Man who drove the 'famous five' to Cheltenham in 1983 dies aged 76
Popular horsebox driver John 'Tiny' Pearson, who transported the legendary 'famous five' for Michael Dickinson to the Gold Cup in 1983, has died at the age of 76.
Pearson was widely known, first in the north, where he drove largely for the C & C Company around Yorkshire, while he drove Dickinson’s Bregawn, Captain John, Wayward Lad, Silver Buck and Ashley House back and forth to Gloucestershire on that history-making day when Dickinson's runners filled the first five places in the Gold Cup.
Dickinson said: "It's sad news. We used to call him Big John. A lovely man, kind and loved horses."
Pearson later operated in the south of England, where he ferried runners out of Newmarket for the likes of Mark Tompkins, James Fanshawe and Luca Cumani.
Pearson had been unwell for a number of years and died at West Suffolk Hospital in Bury St Edmunds last week. His funeral is to be held at West Suffolk Crematorium on February 12 at 1pm.
Rowley Mile becomes Suffolk's second largest vaccine centre
Newmarket's Rowley Mile racecourse is the latest British track to join the fight against the coronavirus pandemic after becoming Suffolk's second-largest vaccine centre.
Epsom and Leicester were among the first venues to offer their services in administering the vaccine, and Beverley, Newbury and Bath have recently come on board. Taunton and Newcastle have also stepped up, while Uttoxeter was used as a hub last Saturday, and for the first time this week Aintree's site has been in use.
Now Newmarket – home to around 80 trainers and approximately 3,000 horses as well as being a key player in the breeding and sales industries – has joined that list.
Its service is being run by Pharmacy2U, treating those aged over 70 and prioritising anyone over 80 who has yet to have the first dose. Eligible residents within a 45-mile radius of Newmarket will be contacted about their jabs.
Postponed filly prize in charity raffle
Racing Welfare is once again set to benefit from the Racehorse Lotto Champions Raffle, whose latest prize is the ownership through 2021 of a juvenile filly trained by Roger Varian.
In addition to receiving prize-money, the raffle's lucky winner will get to name the daughter of Postponed and register their own racing colours.
The Racehorse Lotto’s 2020 prize draws raised £25,000 for Racing Welfare, which will receive 20 per cent of raffle sales.
Ambassador Hollie Doyle said: "It feels more important than ever to have some light at the end of the tunnel and the Racehorse Lotto’s latest raffle certainly gives everyone in racing something to get excited about."
Raffle tickets can now be bought for £10, with a winner to be drawn on March 31.
Boost for Irish point-to-point trainers
Irish point-to-point trainers hit hard by the sport's shutdown have been given a timely boost with a temporary change in legislation that allows greater flexibility in running horses under rules before returning to point-to-points when the season resumes.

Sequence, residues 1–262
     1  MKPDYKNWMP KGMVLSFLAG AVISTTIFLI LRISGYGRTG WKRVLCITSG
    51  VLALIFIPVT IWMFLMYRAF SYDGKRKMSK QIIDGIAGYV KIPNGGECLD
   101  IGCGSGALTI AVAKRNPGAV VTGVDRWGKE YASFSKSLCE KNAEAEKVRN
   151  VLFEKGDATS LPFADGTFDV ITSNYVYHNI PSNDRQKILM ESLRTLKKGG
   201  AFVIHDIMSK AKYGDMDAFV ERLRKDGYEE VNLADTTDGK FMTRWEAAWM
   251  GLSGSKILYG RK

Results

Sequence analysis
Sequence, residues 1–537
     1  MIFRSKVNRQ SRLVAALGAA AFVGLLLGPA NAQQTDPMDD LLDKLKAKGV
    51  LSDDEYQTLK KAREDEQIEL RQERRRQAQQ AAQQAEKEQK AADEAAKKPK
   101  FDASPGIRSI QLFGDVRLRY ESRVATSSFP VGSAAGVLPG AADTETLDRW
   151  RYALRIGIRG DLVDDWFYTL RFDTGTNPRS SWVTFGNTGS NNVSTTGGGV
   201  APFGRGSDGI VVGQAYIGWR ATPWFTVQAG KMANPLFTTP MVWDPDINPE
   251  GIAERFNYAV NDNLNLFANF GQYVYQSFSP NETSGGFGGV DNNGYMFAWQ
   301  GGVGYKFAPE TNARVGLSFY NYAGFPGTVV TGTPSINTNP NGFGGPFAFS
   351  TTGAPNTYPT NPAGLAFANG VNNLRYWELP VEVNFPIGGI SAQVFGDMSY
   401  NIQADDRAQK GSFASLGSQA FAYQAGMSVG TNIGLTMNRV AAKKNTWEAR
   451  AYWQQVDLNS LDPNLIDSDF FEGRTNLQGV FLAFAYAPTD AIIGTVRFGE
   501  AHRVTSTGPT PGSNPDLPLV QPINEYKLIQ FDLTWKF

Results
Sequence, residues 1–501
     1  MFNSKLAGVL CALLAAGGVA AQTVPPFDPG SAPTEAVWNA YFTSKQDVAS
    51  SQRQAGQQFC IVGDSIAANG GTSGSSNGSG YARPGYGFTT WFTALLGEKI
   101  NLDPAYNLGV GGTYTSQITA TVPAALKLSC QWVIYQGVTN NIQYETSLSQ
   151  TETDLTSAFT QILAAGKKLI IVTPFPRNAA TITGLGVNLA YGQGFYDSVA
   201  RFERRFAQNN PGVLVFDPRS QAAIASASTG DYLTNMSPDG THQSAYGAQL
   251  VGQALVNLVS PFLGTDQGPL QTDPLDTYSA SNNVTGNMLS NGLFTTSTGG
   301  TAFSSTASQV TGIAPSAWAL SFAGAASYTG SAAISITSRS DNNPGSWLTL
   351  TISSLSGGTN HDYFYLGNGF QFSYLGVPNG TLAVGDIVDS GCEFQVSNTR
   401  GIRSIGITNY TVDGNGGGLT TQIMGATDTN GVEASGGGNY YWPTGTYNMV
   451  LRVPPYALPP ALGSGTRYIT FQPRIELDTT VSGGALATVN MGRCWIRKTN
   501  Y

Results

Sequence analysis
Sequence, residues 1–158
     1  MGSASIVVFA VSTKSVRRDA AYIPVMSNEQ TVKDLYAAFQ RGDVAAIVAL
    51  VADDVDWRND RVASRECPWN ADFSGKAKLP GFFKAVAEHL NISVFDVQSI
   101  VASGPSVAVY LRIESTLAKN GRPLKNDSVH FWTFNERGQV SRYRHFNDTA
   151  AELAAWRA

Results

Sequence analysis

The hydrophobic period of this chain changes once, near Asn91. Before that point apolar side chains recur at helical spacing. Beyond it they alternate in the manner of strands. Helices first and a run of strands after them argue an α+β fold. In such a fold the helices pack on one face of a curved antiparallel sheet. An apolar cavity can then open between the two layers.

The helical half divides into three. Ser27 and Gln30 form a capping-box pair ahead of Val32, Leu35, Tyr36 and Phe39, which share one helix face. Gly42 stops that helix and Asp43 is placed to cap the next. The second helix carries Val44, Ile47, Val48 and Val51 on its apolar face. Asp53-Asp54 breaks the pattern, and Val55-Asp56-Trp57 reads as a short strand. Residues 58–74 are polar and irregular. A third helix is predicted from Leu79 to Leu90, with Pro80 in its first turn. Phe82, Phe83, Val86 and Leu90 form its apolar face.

The modification by the Irish National Hunt Steeplechase Committee (INHSC) allows horses with a valid hunters' certificate to run on the racecourse while the 2021 spring point-to-point season remains suspended, retaining their cert to run between the flags unless they win a race.
Paul Murtagh, registrar of the INHSC said: "Any horse which runs on the track must be returned in training with a licensed trainer, so we see this change as a minor amendment that will assist a small number of horses, not a solution to the suspension of point-to-point season. The stewards, like everybody else, are fully cognisant of the national situation."
On when the point-to-point season could resume, he added: "We're liaising closely with Horse Racing Ireland, and together we will ensure that the strongest possible case is put forward for the resumption of point-to-points.
"The fact we ran 37 fixtures very successfully in the autumn, with strict adherence to all protocols, puts us in a strong position to be included in the initial easing of the current restrictions that may take place, and this is what we're aiming towards."
Dunlop memorabilia up for auction
An auction of memorabilia from the career of the late dual Derby-winning trainer John Dunlop will be held on Thursday and Friday on the website of Chichester auctioneers Stride & Son.
The items for auction include trophies, photographs and show-horse rosettes won by the trainer of Shirley Heights, Erhaab, Habibti and Salsabil.
The auction takes place from 11am on Thursday and from 10am on Friday. The sale catalogue can be seen at stridesauctions.co.uk.
Musselburgh increases prize-money for Edinburgh National
Musselburgh has increased the purse for the feature race on the first day of its bet365 Scottish Cheltenham Trials weekend on February 6 and 7 in a boost for owners and trainers.
The bet365 Edinburgh National, run over four miles, will now carry a £30,000 prize, an increase of £5,000.
General manager Bill Farnsworth said: “Despite the challenging times, it's very important we put as much into prize-money as is viable, because prize-money is the lifeblood of the racing industry. It funds the whole sport and the money flows down to all the people who keep the wheels of this important industry turning.
“We can only do this with the support of bet365 and they deserve a lot of credit. We are doing this because live sport is so important at the moment in helping lift the mood for many people during the lockdown."
At the same meeting the bet365 Scottish County Hurdle has a winner's prize of £25,000 and the race is viewed as an important prep for Cheltenham’s County Hurdle.
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